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My friend and I recently tried to investigate why his dad's '98 Pajero wasn't starting after heavy rains.

After establishing that the starter relay was fine, I was hoping that tapping the starter with a hammer would help revive the starter, but it refused to turn over.

His dad ultimately had to call in a mechanic, who used a screwdriver to somehow jolt the starter to life.

My understanding is that the screwdriver was used to jump the solenoid, but I want to know what to look out for. There appear to be more than just two terminals on a solenoid. A picture with annotations would be much appreciated here, along with instructions for how to jump a solenoid.

  • Was the relay actually sending voltage to the starter S terminal? If he jumped the B and S terminals it doesn't sound like it was. Also you can ground pins 30 and 87 on the starter relay instead of physically jumping at the starter assuming that the wiring from relay to starter is OK. – Ben Feb 16 '16 at 22:00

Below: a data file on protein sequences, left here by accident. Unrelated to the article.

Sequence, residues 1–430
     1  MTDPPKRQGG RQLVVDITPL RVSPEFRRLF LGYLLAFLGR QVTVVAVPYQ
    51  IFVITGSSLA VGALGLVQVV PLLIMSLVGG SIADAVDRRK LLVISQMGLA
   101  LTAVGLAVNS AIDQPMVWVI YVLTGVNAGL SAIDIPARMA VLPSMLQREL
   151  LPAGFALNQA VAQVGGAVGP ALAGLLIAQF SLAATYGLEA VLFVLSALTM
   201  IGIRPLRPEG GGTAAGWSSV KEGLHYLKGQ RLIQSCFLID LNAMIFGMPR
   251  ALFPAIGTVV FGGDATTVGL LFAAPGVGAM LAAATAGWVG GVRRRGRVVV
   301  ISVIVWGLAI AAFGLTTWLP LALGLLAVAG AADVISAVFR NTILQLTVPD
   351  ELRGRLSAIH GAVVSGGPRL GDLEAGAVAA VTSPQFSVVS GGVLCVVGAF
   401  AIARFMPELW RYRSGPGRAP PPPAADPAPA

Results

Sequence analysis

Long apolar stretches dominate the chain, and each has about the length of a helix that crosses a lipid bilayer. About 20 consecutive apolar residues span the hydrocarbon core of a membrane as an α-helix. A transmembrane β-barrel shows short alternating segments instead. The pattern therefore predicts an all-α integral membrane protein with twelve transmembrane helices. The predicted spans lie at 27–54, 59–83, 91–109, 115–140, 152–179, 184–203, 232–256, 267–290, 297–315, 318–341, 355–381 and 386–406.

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Typically I've only seen three posts on the starter solenoid. The thickest one is for power from the battery. There is also a much small one which is for ignition switch (S). The last one is for a coil pack (R). Typically the starter solenoid is self grounded.

When jumping you simply make a connection between the B and S. This activates the solenoid and energizes the starter.

starter

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    Be sure to make sure the car is NOT in gear when completing the circuit! – Lynn Crumbling Feb 16 '16 at 21:02
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    On a non pre-engaged starter with a bendix, you can also jump the solenoid by connecting terminal "B" to terminal "M". This is useful when the solenoid is faulty. – HandyHowie Feb 16 '16 at 21:08
  • So what is "M" for? And the screwdriver is pictured jumping S and B, not B and R? – JPhi1618 Feb 16 '16 at 21:17
  • @Jphi1618 M terminal is motor currant. R terminal I would guess is the hold coil while S is the primary coil. – Ben Feb 16 '16 at 21:55
  • @JPhi1618 - R is used to provide full (12+vdc) power to the coil. This was used primarily when points ignition is present as there is usually a resistor which reduces the voltage to the coil in such situations. The full voltage kicked the coil up a notch or two to give a hotter spark during start, which allowed the engine to start easier. – Pᴀᴜʟsᴛᴇʀ2 Feb 16 '16 at 22:00

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